The campaign then ran into controversy due to its president, Louis J. Marinelli, a New Yorker living in Russia,[16] who was reported to have received significant assistance from the Russian government to promote his efforts.[17] Marinelli announced on December 18, 2016, that the Yes California campaign had opened an "embassy" in Moscow as a cultural centre to help educate Russians about California's history, boost trade, and promote tourism.[18] The Moscow office was partially funded by a Kremlin-backed charity linked to Russian President Vladimir Putin, while the Anti-Globalization Movement of Russia provided the office space rent-free.[19][20]

On April 17, in the context of the alleged Russian interference in the 2016 elections, the Yes California organization announced that it had decided to halt its efforts to seek a clean break from the controversy surrounding Marinelli's connections to Russia, and to re-tool its proposal and campaign. Marinelli also announced that he would seek permanent residence in Russia.[3] Still, BBC News reported in November 2017 that it found evidence that social media accounts with ties to Russia had pushed a huge Twitter trend in favor of an independent California on election night 2016.[21]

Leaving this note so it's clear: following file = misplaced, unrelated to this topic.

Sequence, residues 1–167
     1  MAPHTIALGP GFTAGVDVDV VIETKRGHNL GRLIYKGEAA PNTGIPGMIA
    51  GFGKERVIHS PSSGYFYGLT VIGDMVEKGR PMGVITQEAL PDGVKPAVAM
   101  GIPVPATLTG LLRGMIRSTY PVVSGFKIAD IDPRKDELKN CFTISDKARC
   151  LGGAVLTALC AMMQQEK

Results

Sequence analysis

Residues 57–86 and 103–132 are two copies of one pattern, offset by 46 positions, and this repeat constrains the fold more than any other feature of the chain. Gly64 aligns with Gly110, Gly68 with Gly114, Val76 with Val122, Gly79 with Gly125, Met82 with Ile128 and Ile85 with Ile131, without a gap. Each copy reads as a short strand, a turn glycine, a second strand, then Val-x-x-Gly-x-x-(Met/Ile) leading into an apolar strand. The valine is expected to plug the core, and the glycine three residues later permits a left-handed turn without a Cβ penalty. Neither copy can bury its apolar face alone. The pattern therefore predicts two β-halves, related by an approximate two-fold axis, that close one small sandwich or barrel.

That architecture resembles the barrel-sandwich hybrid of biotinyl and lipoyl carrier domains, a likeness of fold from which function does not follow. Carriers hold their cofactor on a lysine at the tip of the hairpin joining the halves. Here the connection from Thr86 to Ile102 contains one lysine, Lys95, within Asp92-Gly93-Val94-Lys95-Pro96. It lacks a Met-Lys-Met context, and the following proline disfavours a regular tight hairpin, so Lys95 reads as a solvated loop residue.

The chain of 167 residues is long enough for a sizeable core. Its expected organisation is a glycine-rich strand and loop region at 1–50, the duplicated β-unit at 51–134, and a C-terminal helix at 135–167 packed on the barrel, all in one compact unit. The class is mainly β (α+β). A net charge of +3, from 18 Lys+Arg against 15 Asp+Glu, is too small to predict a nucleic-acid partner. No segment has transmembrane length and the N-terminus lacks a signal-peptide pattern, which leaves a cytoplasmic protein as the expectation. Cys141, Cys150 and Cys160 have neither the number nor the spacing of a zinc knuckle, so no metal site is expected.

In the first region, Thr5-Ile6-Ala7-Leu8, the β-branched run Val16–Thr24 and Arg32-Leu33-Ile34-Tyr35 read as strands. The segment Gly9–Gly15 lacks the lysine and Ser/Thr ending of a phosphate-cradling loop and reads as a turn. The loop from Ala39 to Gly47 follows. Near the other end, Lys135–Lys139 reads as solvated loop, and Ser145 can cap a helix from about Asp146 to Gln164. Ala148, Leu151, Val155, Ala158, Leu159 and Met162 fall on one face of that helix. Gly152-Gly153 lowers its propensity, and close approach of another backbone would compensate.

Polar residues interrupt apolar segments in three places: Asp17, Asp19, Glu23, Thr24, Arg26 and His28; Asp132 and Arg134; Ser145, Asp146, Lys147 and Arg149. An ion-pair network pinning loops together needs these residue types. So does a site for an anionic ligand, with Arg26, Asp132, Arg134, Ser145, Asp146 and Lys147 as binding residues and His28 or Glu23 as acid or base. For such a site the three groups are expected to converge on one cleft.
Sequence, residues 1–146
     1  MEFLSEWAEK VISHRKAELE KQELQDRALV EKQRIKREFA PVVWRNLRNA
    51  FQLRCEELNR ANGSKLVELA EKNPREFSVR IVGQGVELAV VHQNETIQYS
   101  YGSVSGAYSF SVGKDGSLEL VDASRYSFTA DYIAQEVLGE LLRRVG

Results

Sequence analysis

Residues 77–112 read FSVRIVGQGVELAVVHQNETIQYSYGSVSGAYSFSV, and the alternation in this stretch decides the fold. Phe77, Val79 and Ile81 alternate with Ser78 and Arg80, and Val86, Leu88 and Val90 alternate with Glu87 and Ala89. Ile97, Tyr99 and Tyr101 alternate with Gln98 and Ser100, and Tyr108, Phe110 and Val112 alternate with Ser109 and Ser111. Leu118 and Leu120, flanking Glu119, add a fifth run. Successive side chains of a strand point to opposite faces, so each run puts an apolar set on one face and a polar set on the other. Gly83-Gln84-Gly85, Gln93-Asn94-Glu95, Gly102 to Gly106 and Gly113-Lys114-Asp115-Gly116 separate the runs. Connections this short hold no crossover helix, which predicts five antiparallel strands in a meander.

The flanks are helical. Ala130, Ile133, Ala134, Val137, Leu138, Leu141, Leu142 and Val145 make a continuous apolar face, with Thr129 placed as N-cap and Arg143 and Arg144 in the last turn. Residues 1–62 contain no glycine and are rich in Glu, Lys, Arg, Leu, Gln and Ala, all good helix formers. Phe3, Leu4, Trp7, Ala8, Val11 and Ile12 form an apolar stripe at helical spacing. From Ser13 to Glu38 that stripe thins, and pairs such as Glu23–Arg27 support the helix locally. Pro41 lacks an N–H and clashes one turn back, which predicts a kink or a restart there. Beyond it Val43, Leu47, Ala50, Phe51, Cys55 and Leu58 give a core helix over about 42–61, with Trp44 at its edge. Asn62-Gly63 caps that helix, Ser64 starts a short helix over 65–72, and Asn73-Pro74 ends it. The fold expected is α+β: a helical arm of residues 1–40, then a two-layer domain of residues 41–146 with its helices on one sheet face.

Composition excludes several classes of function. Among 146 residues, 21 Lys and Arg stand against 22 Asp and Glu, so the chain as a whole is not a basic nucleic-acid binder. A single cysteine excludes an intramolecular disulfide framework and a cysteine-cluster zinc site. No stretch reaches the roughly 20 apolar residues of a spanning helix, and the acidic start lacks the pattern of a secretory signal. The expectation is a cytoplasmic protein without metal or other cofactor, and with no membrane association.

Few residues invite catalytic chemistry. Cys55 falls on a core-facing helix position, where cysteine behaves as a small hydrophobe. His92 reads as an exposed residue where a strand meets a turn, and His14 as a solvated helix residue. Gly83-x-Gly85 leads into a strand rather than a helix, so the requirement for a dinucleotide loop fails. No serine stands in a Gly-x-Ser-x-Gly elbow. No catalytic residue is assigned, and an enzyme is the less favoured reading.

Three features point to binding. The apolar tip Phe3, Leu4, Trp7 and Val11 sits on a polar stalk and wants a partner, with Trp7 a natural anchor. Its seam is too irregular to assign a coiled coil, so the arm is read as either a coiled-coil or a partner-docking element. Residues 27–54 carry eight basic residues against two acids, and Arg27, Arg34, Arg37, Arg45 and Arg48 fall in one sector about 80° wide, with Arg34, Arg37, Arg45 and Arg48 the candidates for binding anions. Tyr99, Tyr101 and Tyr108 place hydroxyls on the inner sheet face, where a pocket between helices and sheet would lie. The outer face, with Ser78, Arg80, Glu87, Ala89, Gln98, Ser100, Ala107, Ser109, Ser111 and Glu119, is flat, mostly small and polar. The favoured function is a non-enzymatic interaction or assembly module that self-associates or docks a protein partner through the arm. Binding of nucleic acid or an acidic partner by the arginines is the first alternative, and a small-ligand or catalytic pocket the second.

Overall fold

Analysis of the initial proposed proposition[edit]

By the California Legislative Analyst's Office[edit]

As per the California ballot proposition process, the California Legislative Analyst's Office filed a report on the proposed initiative's estimated fiscal effects. This report noted that the proposed initiative could be challenged in California courts on grounds that it would be "an unconstitutional revision of California's basic governmental framework". Under the California Constitution, such proposals that would make "far reaching changes in the nature of [California's] basic governmental plan" or "substantially alter the basic governmental framework set forth in the [California] Constitution" can only be placed before voters by either the California Legislature or a state constitutional convention, and not via a voter initiative.[22] For example, a California court could consider whether the repealing of Article III, Section 1, stating that California is "an inseparable part" of the U.S., would be such a major revision. Yes California argues that this not a major revision, based on the California Supreme Court's test in Legislature v. Eu that a revision "must necessarily or inevitably appear from the face of the challenged provision that the measure will substantially alter [California's] basic governmental framework".[23]